Upon returning to school last Monday, residents returned to find a blue book in their dorms and suites explaining the details.  While deposits and contracts will be submitted soon, the actual selection does not take place until the middle of April.  Those looking for on-campus housing will be given a random number in their term group (sophomores/ all transfers, juniors or seniors) and can make selections based on the number they receive which determines availability and range from 1-999 per term group.  

The hope is that a low number will be given allowing for the highest possibility of options designated to that group.

 Danielle Walsh, a sophomore and resident of Maplewood apartments, was excited and relieved as her friend got a low number.  She explained, “I was so excited when my friend, Michelle, got a low number last year.  We got to pull our whole suite, plus my sister, into Maplewood Apartments this year, one of the nicest buildings to live in on campus.”

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Rumor Has It

Real and Fabricated Rumors Traveling Around the University are Dismissed


Regardless of how rumors begin, spread, and end, they often serve the common purpose of providing people with amusement. While some rumors are made for sheer entertainment, others can be harmful or malicious, and rumors around the University is no exception.

Vice President of Student Services, Mary Anne Nagy, tackles the University’s most conspicuous rumors, as told by students.

Just about every student knows the 15 minute rule – if your professor is 15 or more minutes late, you have the right to leave class, unpunished. The rule also applies to doctors, who are awarded 20 minutes.

Senior Leah Russo has left with classmates after a professor failed to show up after ten minutes. The next class the professor said that it’s his class time and he can do whatever he wants with it and that a professor should be on time just as he or she expects the students to be, explained Russo.

Sophomore Allie Servidio said, “Personally, it has never happened to me, but whenever a professor is a couple of minutes late, everyone in the class always jokes about leaving as soon as 15 minutes are up.”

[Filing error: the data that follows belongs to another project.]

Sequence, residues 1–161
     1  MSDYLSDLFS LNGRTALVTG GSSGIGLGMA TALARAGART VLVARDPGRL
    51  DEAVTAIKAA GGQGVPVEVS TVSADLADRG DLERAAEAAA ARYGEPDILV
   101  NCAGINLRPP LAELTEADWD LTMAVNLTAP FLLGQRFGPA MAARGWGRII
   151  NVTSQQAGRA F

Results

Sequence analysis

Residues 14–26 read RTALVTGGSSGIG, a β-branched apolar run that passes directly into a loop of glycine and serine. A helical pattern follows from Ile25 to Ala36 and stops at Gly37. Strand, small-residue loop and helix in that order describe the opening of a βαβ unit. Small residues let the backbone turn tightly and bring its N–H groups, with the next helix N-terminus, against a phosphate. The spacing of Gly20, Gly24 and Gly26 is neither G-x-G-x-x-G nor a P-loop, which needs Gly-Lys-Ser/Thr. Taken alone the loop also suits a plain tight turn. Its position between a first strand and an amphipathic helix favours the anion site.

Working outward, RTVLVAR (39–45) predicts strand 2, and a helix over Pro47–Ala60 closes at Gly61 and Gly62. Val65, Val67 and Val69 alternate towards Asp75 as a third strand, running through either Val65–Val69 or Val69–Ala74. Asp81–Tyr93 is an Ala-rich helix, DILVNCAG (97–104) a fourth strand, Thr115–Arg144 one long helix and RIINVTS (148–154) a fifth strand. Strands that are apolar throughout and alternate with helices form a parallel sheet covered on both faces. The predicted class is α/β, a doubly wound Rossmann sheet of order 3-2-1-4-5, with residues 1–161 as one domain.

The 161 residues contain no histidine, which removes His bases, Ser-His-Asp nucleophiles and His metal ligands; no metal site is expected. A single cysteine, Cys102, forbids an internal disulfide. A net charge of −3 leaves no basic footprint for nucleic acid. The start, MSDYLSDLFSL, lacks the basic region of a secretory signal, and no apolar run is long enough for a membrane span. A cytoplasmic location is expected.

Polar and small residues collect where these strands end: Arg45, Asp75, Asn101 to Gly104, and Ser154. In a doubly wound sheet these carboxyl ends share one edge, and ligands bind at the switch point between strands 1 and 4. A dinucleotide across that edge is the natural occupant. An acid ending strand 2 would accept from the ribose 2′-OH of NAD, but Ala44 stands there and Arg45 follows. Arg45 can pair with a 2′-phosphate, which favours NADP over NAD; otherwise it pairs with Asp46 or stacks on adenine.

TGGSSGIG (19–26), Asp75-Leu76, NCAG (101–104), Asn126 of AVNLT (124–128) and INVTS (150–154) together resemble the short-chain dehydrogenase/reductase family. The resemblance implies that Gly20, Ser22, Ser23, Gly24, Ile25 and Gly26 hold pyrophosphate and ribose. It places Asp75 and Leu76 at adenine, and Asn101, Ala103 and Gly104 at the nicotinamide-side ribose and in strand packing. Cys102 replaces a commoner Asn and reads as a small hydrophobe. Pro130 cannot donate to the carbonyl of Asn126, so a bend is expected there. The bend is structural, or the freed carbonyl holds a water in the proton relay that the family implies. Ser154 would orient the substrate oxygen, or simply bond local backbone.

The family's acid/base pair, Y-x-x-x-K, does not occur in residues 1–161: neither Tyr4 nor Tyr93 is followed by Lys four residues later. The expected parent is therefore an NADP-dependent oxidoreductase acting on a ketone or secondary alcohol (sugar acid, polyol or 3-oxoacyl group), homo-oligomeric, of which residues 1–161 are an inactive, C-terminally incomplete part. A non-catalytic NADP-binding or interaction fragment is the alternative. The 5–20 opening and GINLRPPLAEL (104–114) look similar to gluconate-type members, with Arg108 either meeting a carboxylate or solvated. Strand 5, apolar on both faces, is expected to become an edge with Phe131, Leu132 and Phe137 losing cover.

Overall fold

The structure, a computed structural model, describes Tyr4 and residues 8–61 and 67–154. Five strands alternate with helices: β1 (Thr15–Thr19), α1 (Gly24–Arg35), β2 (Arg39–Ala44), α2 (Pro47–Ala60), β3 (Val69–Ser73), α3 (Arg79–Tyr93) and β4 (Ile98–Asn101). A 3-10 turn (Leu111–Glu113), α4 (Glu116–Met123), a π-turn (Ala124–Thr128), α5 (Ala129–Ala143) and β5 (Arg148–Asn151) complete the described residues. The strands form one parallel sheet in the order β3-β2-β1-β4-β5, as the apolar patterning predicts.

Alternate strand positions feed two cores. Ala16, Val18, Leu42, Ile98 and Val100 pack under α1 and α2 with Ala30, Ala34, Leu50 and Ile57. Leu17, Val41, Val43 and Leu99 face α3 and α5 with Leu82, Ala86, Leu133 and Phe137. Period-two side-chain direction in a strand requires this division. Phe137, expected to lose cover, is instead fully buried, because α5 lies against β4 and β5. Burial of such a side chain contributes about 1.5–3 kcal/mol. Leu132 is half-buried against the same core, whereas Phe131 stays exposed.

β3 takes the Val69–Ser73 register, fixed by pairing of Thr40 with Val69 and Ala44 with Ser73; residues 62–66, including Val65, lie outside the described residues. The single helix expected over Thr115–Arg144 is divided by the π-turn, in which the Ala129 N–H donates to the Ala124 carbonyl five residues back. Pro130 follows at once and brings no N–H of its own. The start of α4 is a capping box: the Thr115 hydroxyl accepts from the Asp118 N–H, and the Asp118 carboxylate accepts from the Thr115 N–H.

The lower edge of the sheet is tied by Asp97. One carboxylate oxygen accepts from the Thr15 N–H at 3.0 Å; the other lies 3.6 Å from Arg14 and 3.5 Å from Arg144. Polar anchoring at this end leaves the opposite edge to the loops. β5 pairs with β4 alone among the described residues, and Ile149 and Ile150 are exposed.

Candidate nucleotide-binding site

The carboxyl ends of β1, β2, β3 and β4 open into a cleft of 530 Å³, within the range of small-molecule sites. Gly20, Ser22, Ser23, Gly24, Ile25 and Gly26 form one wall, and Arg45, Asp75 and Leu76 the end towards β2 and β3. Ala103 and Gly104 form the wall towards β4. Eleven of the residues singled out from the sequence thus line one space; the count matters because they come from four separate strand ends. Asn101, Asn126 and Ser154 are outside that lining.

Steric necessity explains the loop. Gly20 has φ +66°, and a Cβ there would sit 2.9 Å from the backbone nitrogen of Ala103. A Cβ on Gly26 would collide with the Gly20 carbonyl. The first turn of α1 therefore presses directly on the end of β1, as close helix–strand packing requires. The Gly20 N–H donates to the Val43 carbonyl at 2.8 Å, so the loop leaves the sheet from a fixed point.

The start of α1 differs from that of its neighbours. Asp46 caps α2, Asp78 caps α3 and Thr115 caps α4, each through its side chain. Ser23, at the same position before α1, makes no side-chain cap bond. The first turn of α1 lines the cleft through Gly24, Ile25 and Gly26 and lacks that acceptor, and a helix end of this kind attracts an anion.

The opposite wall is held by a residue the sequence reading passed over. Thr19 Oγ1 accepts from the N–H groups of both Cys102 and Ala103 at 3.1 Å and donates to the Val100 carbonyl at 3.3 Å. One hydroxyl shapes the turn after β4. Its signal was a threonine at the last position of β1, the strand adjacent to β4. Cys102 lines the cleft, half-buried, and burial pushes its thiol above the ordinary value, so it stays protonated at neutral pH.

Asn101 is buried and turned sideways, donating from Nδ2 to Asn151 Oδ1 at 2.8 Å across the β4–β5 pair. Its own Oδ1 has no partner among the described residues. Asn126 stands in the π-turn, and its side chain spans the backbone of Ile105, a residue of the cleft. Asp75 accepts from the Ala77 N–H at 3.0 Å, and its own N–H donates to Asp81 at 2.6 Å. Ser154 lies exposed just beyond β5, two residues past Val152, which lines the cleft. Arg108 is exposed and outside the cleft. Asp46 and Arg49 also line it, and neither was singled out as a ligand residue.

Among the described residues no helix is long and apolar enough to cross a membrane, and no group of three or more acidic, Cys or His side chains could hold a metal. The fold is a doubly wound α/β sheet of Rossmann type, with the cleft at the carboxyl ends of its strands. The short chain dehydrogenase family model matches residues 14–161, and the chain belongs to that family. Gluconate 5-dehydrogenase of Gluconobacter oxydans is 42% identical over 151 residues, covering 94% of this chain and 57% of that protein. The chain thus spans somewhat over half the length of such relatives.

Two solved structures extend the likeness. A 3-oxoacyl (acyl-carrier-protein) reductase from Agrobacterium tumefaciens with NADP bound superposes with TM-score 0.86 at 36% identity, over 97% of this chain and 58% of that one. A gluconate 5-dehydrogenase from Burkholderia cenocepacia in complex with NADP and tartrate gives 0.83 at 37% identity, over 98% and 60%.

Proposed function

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Extended Use of Breast Cancer Drug Increases Remission

FEATURE1A wide variety of breast cancer drugs are currently in use to treat the symptoms of the horrific disease. One specific drug, which has recently been noted for its potential in prolonging cancer remission, is Tamoxifen.

According to BreastCancer.org, it has been proven that the extended use of Tamoxifen can reduce the risk of breast cancer from coming back by 40 percent to 50 percent in postmenopausal women and by 30 percent to 50 percent in premenopausal women. Such results make a phenomenal difference because approximately 227,000 cases of breast cancer are diagnosed annually in the United States. Additionally, Tamoxifen has been proven to reduce the risk of a new cancer developing in the other breast by about 50 percent and has shown promising results in keeping cancer away from undiagnosed women who have family histories of breast cancer.

Typically, Tamoxifen is prescribed to breast cancer patients for approximately five years. However, in a new study called “Atlas,” Tamoxifen was assigned to one group of breast cancer patients for the average five years and to another group of patients for an extended 10 years. The results of this study showed that the group taking Tamoxifen for five years had a 25.1 percent recurrence rate of cancer while those who took the drug for 10 years had a 21.4 percent recurrence rate.

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Contact Information

CAMPUS LOCATION
The Outlook
Jules L. Plangere Jr. Center for Communication
and Instructional Technology (CCIT)
Room 260, 2nd floor

MAILING ADDRESS
The Outlook
Monmouth University
400 Cedar Ave, West Long Branch, New Jersey
07764

Phone: (732) 571-3481 | Fax: (732) 263-5151
Email: outlook@monmouth.edu